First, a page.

I can’t remember the last time Ajith really danced his heart out with the joyousness he exhibits in the opening song of Valimai. There’s even a particular dance step that seems like a shoutout to Vijay’s Pokkiri Pongal. At various points of Valimai, Ajith’s enthusiasm really shines through and it affects us for the better. However, at nearly three hours long, it’s not enough for one character alone to move you. After a certain point, by the law of diminishing returns, even that act gets weary. The broad strokes that Ajith’s character is painted in at the start is not the problem. It is the inability to dive deeper as the film progress that is a problem.
Ajith plays an upright policeman who abhors killing. He believes in looking for the root cause of the problem and solving it. But this lovely idea, this nuance is wasted; Ajith’s character arc does not flesh out the human side of the story that was promised at the beginning. Contrast that to the way the villain’s (Kartikeya) motivations are written. It starts from a very small, niche angle and slowly widens to a nihilistic philosophy that then transforms fully into a Randian take on the world. This difference in treatment of the two characters from writer-director H Vinoth is quite baffling.
It is also one of the reasons the film peters out after an extremely racy first half. Right from the cold open to the documentary-like featurettes about both victims and perpetrators, and a commissioner pondering over the city – it all makes you feel like maybe this is a spin on Gotham and Ajith is playing a variant of Batman. Be it the framing of a set of bikers watching one of their own being killed for committing a mistake, the terrific stunt sequences involving the bikes, the transitions between the hunter and the hunted in said chase sequences, the first half is all aplomb. The first 90-odd minutes are filled with punches and counter punches between the hero and the villain, where each aspect of the film feels well-directed.
However, if ever there was a film of two halves, it is this. The director tries to break the myth-making of Ajith’s introduction sequence (he is likened to the Lord Azhagar who descends into the city), strip the character to its bare bones, and make him rise back to hero status. But this entire portion falls flat thanks to some of the dullest characters ever written. At one crucial point, when the bike gang, after pulling off a near-impossible operation, is trying to escape the hero’s clutches, an important character absolutely kills the momentum by giving us an exposition of why he does what he does. I won’t be surprised if the Tamil meme nation uses this template for a multitude of memes because it was honestly extremely laughable. While the film’s first half takes the course of more show, less tell; the second half is all contrivance and tell, tell, and more tell. At one point, the raucous theatre I was watching at was punctured by an inadvertently loud snore and the subsequent giggles.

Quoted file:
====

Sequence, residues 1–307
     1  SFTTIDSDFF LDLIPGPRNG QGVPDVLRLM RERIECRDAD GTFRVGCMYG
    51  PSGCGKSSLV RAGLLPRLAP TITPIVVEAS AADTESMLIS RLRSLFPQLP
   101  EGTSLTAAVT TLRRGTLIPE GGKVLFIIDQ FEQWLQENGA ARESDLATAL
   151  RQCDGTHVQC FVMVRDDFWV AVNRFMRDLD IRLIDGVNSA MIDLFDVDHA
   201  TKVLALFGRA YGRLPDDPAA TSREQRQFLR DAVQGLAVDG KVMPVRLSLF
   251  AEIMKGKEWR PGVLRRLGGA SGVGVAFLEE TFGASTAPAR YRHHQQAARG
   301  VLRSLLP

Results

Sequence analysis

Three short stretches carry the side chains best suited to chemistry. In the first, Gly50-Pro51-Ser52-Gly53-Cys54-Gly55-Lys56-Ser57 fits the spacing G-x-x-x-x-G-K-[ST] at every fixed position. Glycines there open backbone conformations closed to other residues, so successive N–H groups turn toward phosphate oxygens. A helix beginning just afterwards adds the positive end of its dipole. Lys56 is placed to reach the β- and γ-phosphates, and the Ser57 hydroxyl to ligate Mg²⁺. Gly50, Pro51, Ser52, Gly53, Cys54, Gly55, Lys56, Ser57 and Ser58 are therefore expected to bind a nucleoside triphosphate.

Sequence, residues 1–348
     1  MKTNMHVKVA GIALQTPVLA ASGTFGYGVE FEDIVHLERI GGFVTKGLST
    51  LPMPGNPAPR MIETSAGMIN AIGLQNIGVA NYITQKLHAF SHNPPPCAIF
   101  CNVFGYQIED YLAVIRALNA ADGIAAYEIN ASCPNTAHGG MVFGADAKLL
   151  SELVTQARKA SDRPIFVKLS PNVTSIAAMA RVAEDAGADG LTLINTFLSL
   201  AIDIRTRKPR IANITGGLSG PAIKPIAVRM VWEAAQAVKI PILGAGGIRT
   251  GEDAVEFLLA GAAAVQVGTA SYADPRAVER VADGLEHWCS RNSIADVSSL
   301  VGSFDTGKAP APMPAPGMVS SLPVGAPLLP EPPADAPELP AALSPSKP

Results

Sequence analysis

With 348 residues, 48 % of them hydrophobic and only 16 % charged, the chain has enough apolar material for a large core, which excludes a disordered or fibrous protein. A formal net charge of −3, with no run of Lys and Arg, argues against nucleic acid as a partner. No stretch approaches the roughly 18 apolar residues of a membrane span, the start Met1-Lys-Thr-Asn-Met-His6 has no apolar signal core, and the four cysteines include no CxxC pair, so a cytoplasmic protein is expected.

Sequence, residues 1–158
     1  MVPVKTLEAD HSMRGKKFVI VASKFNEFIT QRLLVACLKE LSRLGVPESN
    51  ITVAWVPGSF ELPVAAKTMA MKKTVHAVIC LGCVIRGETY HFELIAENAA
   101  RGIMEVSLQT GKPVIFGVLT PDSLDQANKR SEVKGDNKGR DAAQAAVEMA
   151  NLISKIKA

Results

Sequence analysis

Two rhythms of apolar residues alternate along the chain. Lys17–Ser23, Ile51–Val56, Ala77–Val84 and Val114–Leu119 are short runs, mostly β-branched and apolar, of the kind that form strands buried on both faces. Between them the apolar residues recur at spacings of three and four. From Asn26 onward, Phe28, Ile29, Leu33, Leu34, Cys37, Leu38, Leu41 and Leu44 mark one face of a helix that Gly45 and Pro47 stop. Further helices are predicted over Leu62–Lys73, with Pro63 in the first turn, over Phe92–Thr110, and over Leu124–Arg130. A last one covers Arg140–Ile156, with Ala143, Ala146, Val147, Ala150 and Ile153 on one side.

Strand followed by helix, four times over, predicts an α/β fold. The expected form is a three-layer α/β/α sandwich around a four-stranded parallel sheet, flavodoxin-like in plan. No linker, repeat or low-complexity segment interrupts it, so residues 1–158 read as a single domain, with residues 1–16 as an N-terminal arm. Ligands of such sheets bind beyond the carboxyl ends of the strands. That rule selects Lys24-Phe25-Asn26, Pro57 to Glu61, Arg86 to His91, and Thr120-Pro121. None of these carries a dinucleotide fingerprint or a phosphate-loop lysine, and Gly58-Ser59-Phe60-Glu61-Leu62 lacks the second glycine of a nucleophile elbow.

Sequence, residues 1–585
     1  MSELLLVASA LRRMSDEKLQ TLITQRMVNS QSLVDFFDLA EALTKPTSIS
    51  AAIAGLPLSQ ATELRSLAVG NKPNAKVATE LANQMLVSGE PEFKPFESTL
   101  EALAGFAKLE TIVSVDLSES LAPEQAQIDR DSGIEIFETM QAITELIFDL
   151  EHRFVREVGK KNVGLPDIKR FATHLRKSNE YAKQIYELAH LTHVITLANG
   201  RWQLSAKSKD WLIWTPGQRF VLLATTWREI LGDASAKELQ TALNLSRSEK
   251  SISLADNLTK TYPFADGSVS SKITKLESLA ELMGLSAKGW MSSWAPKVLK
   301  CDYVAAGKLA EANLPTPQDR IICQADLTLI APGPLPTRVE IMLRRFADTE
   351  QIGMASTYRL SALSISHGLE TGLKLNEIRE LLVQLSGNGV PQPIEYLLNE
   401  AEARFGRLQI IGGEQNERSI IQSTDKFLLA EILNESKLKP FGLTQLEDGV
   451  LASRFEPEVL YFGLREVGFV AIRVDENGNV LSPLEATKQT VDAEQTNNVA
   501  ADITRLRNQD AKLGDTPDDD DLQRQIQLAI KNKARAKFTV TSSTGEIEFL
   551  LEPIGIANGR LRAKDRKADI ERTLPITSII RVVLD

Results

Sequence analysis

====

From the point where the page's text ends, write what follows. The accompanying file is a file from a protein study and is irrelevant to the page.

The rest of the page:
It is here that you wonder what really happened to this film. I haven’t read any pre-promotion interviews of Vinoth, but it looks like there are two films here – one that was shot pre Covid and one filmed after, with the latter probably deciding the look and feel of the former. A large part of the second half is filled with secluded locations, which were probably sets erected in accordance with Covid protocols.
Remember the enthusiasm that I talked about at the start of this review? It dies down even from Ajith’s end and this is visible on screen as the film meanders through its third act and climax.
What promised to be a breezy ride instead chokes and sputters. The latest in the V series of Ajith films might not be the ‘victory’ that the theatres and the industry hoped it would be, but it did remind me of this dialogue from V for Vendetta: “This visage, no mere veneer of vanity, is a vestige of the vox populi now vacant, vanished.” And who better than Ajith and Vinoth to know that vox populi, vox dei as they go in for their third collaboration.
This Valimai review is a Silverscreen original article. It was not paid for or commissioned by anyone associated with the movie. Silverscreen.in and its writers do not have any commercial relationship with movies that are reviewed on the site.